While more studies are looking at the benefits and risks of soy, most women can generally feel safe adding it to their diets. Many health professionals view soy as a beneficial component of a heart-healthy diet, and recommend that people consume more of it. But do not take too high a dose of concentrated soy isoflavones. Check the label on the functional foods that you buy.
While women-specific functional foods are loaded with many essential nutrients, they also contain more calories and sugar than nutrient-dense fruits and vegetables. While none of these products will blow your diet, they can certainly add up. Just 100 or 200 extra calories a day can contribute to weight gain over the long run. Read nutrition labels carefully and choose the best option for your needs.
If these women-specific functional foods appeal to you, have them occasionally. Many women do not get the nutrients they need, so an extra supply every once in a while probably will not hurt. As more of these products become available, keep in mind that there can be too much of a good thing. If you have questions, or are having difficulty with your dietary intake of certain vitamins and minerals, talk to a dietitian who can help you with planning.
Office on Women's Health
US Department of Agriculture
Health Canada Food and Nutrition
Public Health Agency of Canada
Calcium. EBSCO Natural and Alternative Treatments website. EBSCO Health Library website. Available at: http://www.ebscohost.com/healthLibrary. Updated August 22, 2013. Accessed January 30, 2014.
Calcium intake and supplementation. EBSCO DynaMed website. Available at: http://www.ebscohost.com/dynamed. Updated June 25, 2013. Accessed January 30, 2014.
Folate. Office of Dietary Supplements website. Available at: http://ods.od.nih.gov/factsheets/Folate-HealthProfessional. Updated December 14, 2012. Accessed January 30, 2014.
Folate deficiency. EBSCO DynaMed website. Available at: http://www.ebscohost.com/dynamed. Updated January 16, 2013. Accessed January 30, 2014.
Isoflavones. EBSCO Natural and Alternative Treatments website. EBSCO Health Library website. Available at: http://www.ebscohost.com/healthLibrary. Updated August 22, 2013. Accessed January 30, 2014.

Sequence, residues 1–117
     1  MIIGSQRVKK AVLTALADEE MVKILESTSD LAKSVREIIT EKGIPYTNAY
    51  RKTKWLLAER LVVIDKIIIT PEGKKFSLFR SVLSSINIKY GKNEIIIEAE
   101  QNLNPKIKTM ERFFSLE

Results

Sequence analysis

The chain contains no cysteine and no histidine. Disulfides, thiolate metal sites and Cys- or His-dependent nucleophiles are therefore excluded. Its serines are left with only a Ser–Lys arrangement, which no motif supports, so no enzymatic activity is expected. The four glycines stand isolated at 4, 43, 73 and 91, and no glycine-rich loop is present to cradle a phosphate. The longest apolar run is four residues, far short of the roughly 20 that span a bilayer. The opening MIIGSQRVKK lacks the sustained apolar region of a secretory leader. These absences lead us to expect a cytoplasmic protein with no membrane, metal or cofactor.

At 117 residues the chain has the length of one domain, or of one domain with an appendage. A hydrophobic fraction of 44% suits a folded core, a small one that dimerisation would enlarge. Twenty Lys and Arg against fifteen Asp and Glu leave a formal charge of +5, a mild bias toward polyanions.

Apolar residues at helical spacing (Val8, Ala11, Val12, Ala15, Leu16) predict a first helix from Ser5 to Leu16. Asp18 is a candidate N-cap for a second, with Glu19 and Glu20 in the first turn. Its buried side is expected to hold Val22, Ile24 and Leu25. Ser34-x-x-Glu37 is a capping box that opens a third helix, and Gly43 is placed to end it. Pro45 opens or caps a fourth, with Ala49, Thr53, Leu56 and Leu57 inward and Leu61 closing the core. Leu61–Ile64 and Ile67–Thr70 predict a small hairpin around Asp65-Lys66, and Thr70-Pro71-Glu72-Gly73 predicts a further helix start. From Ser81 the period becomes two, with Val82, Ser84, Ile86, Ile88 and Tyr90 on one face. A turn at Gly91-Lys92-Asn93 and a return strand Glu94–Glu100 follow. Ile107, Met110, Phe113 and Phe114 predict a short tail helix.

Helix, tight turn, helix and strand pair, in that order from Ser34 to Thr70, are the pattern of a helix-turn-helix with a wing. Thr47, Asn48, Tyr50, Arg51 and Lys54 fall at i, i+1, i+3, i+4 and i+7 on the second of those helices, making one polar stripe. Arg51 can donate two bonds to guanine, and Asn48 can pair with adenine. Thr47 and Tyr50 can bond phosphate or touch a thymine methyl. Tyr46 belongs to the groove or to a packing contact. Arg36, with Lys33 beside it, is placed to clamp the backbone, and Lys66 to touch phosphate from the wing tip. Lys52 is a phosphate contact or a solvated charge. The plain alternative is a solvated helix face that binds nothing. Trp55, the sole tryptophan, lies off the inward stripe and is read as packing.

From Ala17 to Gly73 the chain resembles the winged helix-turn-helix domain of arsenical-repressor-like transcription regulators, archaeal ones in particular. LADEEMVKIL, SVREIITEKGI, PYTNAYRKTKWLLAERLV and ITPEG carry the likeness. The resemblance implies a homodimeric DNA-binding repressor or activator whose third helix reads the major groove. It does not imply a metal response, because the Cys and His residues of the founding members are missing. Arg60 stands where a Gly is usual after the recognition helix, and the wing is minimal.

Luna bar: nutz over chocolate. Luna website. Available at: http://lunabar.com/products/bars/nutz_over_chocolate. Accessed January 30, 2014.
Nutrition facts label. US Department of Agriculture ChooseMyPlate website. Available at: http://www.choosemyplate.gov/downloads/NutritionFactsLabel.pdf. Published August 2006. Accessed January 30, 2014.
Pernicious anemia. EBSCO DynaMed website. Available at: http://www.ebscohost.com/dynamed. Updated August 9, 2013. Accessed January 30, 2014.
Unintended pregnancy prevention. Centers for Disease Control and Prevention website. Available at: http://www.cdc.gov/reproductivehealth/UnintendedPregnancy. Updated February 12, 2013. Accessed January 30, 2014.
Soy. EBSCO Natural and Alternative Treatments website. EBSCO Health Library website. Available at: http://www.ebscohost.com/healthLibrary. Updated August 22, 2013. Accessed January 30, 2014.
Last reviewed January 2014 by Michael Woods, MD
Please be aware that this information is provided to supplement the care provided by your physician. It is neither intended nor implied to be a substitute for professional medical advice. CALL YOUR HEALTHCARE PROVIDER IMMEDIATELY IF YOU THINK YOU MAY HAVE A MEDICAL EMERGENCY. Always seek the advice of your physician or other qualified health provider prior to starting any new treatment or with any questions you may have regarding a medical condition.